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Pros and cons of granite composite

Pros and cons of granite composite
Issue Time:2019-06-17
Pros and cons of granite composite
Like every sink material (and virtually everything in life!), granite composite has its pros and cons.

Heat resistant; will not fade or discolor when exposed to high heat
Resists scratching, acid, chipping, water spots, and staining
Abundant matte color options (brown is especially popular and difficult to find in other materials)

Long life
Look and durability of natural stone at a fraction of the price
Cons of granite composite sinks
May require extra support for installation
Require regular (but simple) maintenance
Lighter colors may stain; finish will dull from waterborne minerals if not regularly cleaned

Granite composite vs. quartz composite
Granite composite sinks are essentially identical to quartz composite sinks; both consist of a natural stone (granite or quartz) ground and mixed with acrylic resin.

Granite sink vs. stainless steel sink
Granite sinks and stainless steel sinks are about as different from each other as you can get. Each has its distinct advantages and disadvantages. Granite is less prone to damage and makes less noise than stainless steel; stainless steel is easier to maintain and less expensive than granite, but doesn’t offer the color options or durability of stone.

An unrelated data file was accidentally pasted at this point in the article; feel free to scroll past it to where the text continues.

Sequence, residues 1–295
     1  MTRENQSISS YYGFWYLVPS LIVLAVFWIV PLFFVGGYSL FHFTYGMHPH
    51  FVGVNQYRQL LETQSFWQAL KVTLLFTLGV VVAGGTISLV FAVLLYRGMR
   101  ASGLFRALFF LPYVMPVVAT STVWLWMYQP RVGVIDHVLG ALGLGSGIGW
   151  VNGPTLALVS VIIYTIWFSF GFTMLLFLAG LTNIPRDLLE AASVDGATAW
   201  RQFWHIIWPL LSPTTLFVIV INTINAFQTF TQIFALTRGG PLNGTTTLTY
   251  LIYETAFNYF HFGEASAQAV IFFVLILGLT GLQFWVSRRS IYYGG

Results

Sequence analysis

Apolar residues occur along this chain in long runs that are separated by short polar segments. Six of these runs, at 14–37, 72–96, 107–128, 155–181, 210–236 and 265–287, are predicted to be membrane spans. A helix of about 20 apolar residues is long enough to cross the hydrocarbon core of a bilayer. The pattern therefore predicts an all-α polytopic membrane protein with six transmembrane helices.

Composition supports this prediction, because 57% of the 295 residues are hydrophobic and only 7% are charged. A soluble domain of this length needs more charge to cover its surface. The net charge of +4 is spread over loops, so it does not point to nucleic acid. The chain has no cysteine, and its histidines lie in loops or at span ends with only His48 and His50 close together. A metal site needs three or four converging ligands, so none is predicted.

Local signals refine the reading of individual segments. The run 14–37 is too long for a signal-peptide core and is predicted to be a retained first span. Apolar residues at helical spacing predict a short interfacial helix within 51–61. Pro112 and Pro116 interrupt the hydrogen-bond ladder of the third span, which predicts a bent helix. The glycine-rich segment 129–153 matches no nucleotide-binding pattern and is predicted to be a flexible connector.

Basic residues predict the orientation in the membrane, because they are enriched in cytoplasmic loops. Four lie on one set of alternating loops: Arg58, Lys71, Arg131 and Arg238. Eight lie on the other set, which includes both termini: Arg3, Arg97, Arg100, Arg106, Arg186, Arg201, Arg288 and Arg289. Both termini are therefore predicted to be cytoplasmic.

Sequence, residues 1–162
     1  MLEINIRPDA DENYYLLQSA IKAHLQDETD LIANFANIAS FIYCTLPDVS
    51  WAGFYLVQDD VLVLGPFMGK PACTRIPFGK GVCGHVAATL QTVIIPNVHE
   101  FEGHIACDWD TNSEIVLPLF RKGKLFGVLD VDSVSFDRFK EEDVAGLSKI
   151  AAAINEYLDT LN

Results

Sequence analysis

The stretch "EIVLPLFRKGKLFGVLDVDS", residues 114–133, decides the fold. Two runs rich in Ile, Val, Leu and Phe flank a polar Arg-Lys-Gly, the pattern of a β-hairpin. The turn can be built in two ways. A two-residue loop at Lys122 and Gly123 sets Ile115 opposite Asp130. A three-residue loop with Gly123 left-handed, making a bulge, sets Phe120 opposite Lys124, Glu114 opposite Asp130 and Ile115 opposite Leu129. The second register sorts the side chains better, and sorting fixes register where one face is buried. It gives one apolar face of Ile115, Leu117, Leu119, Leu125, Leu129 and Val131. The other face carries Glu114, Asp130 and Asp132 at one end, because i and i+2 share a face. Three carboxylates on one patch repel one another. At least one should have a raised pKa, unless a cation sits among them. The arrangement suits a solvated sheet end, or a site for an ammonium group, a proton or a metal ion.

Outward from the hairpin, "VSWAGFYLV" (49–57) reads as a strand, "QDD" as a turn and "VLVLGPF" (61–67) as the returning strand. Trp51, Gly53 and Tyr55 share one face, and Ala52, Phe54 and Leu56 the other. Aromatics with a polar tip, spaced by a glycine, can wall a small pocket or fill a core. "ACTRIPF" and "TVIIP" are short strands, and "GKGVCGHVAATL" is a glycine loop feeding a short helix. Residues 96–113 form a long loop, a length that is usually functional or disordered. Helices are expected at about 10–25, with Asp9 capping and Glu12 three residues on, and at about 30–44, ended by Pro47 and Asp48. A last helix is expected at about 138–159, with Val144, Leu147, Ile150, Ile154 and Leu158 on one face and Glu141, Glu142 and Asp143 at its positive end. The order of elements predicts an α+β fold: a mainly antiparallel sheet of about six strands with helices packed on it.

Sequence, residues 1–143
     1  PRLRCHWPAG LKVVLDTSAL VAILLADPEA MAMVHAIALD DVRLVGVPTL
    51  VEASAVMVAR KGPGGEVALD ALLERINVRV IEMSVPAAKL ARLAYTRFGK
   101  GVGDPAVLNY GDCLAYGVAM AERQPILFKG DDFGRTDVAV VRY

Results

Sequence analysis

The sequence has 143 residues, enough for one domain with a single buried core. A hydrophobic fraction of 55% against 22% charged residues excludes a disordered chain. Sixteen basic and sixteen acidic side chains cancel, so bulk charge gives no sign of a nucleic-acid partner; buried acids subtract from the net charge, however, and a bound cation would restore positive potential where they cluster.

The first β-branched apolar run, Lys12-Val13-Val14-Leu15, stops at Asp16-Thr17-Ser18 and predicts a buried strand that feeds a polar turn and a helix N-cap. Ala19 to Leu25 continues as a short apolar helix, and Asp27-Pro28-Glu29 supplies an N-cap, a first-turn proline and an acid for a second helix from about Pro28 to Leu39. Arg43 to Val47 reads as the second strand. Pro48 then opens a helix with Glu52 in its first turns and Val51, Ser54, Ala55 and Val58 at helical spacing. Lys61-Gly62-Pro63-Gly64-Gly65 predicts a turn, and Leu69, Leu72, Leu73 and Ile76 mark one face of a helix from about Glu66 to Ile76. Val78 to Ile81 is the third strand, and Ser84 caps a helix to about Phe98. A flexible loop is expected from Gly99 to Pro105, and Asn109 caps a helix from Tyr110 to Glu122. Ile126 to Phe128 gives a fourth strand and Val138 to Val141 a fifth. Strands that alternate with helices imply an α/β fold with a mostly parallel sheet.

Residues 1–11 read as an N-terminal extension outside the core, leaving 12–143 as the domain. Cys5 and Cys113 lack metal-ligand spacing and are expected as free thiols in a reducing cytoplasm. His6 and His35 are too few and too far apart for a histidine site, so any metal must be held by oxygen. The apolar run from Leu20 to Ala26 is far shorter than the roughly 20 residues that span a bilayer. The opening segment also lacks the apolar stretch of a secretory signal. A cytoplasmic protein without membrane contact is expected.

Configuration and installation options
Granite composite sinks are available in virtually every standard configuration. Some feature a distinctly curved shape for visual interest, while others are the standard rectangular, square, round, or D-bowl.

For a cleaner, seamless appearance, pick a granite undermount sink (though some actually prefer a drop-in or apron-front sink as it displays more of the sink material). Try a granite apron sink to make a statement (and have an easier time reaching the dishes); a granite bar sink adds flair and beauty to any bar or prep area.

Single bowl granite sinks are an excellent option for the avid cook or baker; a double bowl sink may be better for those who prefer separate prep and dishwashing areas. Some sinks feature a low divider, combining the advantages of both double and single sinks; some have an integrated drainboard for extra convenience and practicality.

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